Déjà-vu on the Oder – Ensuring water quality on rivers

Press release
30 June 2023

Déjà-vu on the Oder – ensuring water quality on rivers

Will there be more environmental disasters like the one on the Oder in summer 2022? And how can they be foreseen or avoided in the future? To do this, EOMAP continuously analyzes the river catchment using satellite data. Critical developments in rivers can be identified at an early stage and discharges can be adjusted at the click of a mouse. But up to now, only a few authorities use the online solution.

Since the fish die-off in the Oder in August 2022, EOMAP has been continuously analyzing the water quality, from Poland to the estuary in Germany. Because satellite data can be used to show at an early stage, whether such a harmful algal bloom will develop again. To do this, the data analysts compare the following drivers for algae growth from last summer with this summer over the course of the river: water level and discharge, solar radiation and surface temperature, as well as the algae pigment chlorophyll-a.

All in all, we see that in 2023 a similar development is emerging at certain points on the Oder,” reports Dr. Thomas Heege, Managing Director of EOMAP.

EOMAP Graphic, based on Planet data: Oder near Gliwice (PL) - Chlorophyll-a development 2022 versus 2023

In May 2023, Chlorophyll-a on the Oder near Gliwice already reached similar peaks to those in summer 2022 (at the time of the fish die-off).

In April and May 2023, for example, the Gliwice Canal already had chlorophyll values ​​in the highest range of the previous year, and the Czernica reservoir northwest of Ratovice showed a clearly visible algae bloom (over 100 µg/l) at the end of May. This was preceded by days of increased solar radiation. At the beginning of June, the water level in the central Oder area (river km 300 – 400) was higher than in July 2022. However, very low discharge values ​​were measured at the same time in the south (river km 220) and on the German side in the north. Comparable to the course in summer 2022, the discharge on the German side and south of Wroclaw also decreased. On the Polish side, from the beginning of May until mid-June, the water flow was comparable to that in 2022. The rise in temperature of the water surface in the Gliwice Canal was also clearly visible in the course of May 2023.

portrait of CEO Thomas Heege

Dr. Thomas Heege – Managing Director of EOMAP

Now things have calmed down a bit. But with the current increase in solar radiation and rising temperatures, this mix could again lead to strong algae growth and toxic conditions,” says Heege.

With EOMAP, all hydrological and water-biological data flow into an online solution for a reliable overview with just a few mouse clicks. If you set threshold values ​​for critical parameters on this “eoApp”, the data mix becomes an early warning system. This means that unfavorable conditions, for example for strong algae growth, can be identified at an early stage. Authorities could, for example, pinpoint where and when saline industrial waste water should be avoided in order to prevent the growth of toxic golden algae. Environment Minister Lemke called for the latter at the Oder Conference on June 6th. The “eoApp” is not only suitable for rivers, but also for lakes.

portrait Karin Schenk - EOMAP

Karin Schenk – Head of Water Quality EOMAP

Many international, but only a few German authorities have recognized the potential and are using satellite data to keep an eye on bodies of water. But we think that there will soon be more,” hopes Karin Schenk, Head of Water Quality at EOMAP.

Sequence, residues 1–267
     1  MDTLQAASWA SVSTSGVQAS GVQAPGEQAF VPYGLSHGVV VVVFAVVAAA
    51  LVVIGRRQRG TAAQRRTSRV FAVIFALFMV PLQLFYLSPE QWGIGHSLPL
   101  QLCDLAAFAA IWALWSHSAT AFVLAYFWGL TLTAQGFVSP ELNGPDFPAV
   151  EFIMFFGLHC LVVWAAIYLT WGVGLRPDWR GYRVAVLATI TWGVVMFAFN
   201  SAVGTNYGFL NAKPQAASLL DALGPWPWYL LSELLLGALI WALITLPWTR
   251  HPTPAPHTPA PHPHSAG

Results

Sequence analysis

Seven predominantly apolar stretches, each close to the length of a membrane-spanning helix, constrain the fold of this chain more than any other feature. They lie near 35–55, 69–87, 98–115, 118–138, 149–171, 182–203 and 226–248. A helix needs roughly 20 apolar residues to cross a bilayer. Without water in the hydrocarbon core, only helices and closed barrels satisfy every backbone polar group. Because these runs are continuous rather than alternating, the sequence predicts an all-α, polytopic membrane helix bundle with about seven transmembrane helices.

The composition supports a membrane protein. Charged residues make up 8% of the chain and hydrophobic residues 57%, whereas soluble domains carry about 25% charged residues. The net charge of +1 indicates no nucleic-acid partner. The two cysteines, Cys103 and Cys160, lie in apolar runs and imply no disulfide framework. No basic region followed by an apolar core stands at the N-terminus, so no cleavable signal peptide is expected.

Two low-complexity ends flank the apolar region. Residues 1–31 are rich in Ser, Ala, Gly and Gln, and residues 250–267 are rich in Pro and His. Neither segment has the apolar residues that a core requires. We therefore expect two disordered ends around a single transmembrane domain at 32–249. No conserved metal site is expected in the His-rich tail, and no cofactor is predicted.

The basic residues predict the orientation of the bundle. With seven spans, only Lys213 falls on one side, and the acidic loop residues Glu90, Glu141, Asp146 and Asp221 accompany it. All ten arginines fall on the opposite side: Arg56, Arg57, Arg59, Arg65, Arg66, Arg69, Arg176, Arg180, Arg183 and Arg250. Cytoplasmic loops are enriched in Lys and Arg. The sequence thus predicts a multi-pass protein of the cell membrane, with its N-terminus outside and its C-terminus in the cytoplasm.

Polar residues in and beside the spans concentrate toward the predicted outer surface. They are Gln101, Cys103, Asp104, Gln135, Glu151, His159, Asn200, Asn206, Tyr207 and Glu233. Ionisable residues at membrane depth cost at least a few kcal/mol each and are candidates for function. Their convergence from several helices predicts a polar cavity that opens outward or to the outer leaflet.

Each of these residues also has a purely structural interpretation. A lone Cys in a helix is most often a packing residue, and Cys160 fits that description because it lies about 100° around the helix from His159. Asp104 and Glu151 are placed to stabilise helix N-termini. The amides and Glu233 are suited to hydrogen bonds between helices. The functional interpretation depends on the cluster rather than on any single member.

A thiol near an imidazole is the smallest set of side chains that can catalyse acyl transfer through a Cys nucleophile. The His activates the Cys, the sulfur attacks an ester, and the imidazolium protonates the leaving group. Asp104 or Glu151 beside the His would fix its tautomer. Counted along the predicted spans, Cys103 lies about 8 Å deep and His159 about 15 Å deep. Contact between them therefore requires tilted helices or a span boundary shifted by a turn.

For its comparisons, the Bavarian medium-sized company, which emerged from DLR in 2006, uses European Sentinel data from ESA and mostly high-resolution PlanetScope data, which are supplied by Planet’s Dove satellites. For the investigations on the Oder, EOMAP also works closely with the “Water Resources and Environment” department at the Helmholtz Center for Environmental Research (UFZ).

In contrast to on-site water samples, satellite data allow a synoptic view of the entire course of the river. They also trace critical developments long after the water has drained away. Thanks to the high spatial and temporal resolution – like that of Planet’s satellite data – smaller tributaries and reservoirs can also be analyzed.


The team of 50 Geodata experts is headquartered near Munich, Germany. Since 2006, EOMAP has been specializing on satellite-based environmental data and IT solutions for aquatic environments. In 2022, the company was awarded the ESA Copernicus Tech Award as well as the Bavarian Innovation Prize. With their work, the team wishes to contribute to a better understanding and a more sustainable management of waters around the world.


Our partner in this project, Planet has published an interesting Blog post on the early warning system here.

Here is the link to download the following items:

  • satellite image,
  • graphic,
  • Screenshot of the dashboard
  • portraits of Thomas Heege and Karin Schenk.

Please respect the copyright “eomap.com” andthe captions as indicated on this page.


Andrea Schmölzer, Email: schmoelzer@eomap.de , Tel: +49 176 11 773 773
Link to the Press room of EOMAP.

Satellite RGB image of Gliwice channel / Oder river (Poland)

The image shows the inflow of the Gliwice Canal into the Oder river. On 23 April 2023, the canal showed double the chlorophyll-a concentration of the river. However, due to its small volume, this difference had low impact on the river. High resolution satellite data by Planet make the differences in concentration visible in detail.

eoApp Dashboard by EOMAP shows risk of algae blooms along the Oder river

The dashboard of EOMAP’s eoApp shows the situation as of 26 June 2023, for the past four weeks. It reveals the high risk situation south of Wroclaw (PL) during May. In the course of June, the situation calmed down, mostly due to more rainfall and cloudy weather.